God bless you guys!

  3. Ingrid Schlueter says:

    Seven girls! Oh my. I have no idea what that is like. I imagine an all girl household has pitfalls of its own, just like male dominated ones. I have just one sister and we got along well because we were so different, neither was threatened or bothered by the other. Lisa was all sports and athletics all the time, and I wanted to be inside reading or baking or doing something that didn’t involve getting dirty or sweating. (Later on, I learned to like tennis in high school, but when I was young a leisurely bike ride or a genteel stroll around on my roller skates was about it.) While I was a little disdainful of the tomboy thing, I secretly admired her prowess athletically, and she thought I was OK buried in a book, so we got on just fine. But 7 girls and all those personalities. Sounds very lively in a feminine sort of way!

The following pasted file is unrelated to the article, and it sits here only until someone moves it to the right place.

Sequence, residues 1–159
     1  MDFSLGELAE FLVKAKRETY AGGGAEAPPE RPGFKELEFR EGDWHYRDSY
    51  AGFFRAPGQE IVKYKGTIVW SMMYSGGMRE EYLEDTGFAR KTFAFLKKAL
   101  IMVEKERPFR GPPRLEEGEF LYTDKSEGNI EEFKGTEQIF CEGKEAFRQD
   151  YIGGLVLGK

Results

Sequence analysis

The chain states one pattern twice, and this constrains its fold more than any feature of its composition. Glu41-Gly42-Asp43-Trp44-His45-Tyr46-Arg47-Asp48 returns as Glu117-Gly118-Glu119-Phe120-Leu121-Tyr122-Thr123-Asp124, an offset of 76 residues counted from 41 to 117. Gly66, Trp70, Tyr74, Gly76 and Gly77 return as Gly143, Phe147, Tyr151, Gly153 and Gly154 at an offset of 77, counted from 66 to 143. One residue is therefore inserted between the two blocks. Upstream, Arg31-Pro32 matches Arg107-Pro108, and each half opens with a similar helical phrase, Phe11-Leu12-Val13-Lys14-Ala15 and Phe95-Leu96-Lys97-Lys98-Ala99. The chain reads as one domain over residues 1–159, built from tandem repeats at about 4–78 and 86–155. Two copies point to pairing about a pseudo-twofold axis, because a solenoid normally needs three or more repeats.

4. Margaret L. Been says:

    What a scream! I love that post. Ingrid, I think you have surpassed Irma Bombeck–and I always thought she was a stitch!

  5. Mrs. U says:

    WONDERFUL post!!!! I gave a hearty laugh while reading your words to your boys, as well as a nod of understanding!!! While there are only 2 men in this house, the testosterone was QUITE overwhelming before our Elizabeth came home. Aaaaaaaahhhh!!!! Breath of fresh air!!! And she is SO into tea parties and playing mommy to her dolly and cooking in her miniature kitchen. And you know what? Mr. U and Joshua have fallen in LOVE with all the girly things around here!!

    I can’t wait to “hear” about all the fun that y’all will have with a little girl in the house!!!

    I am praying!!

    Mrs. U

  6. Lisa K says: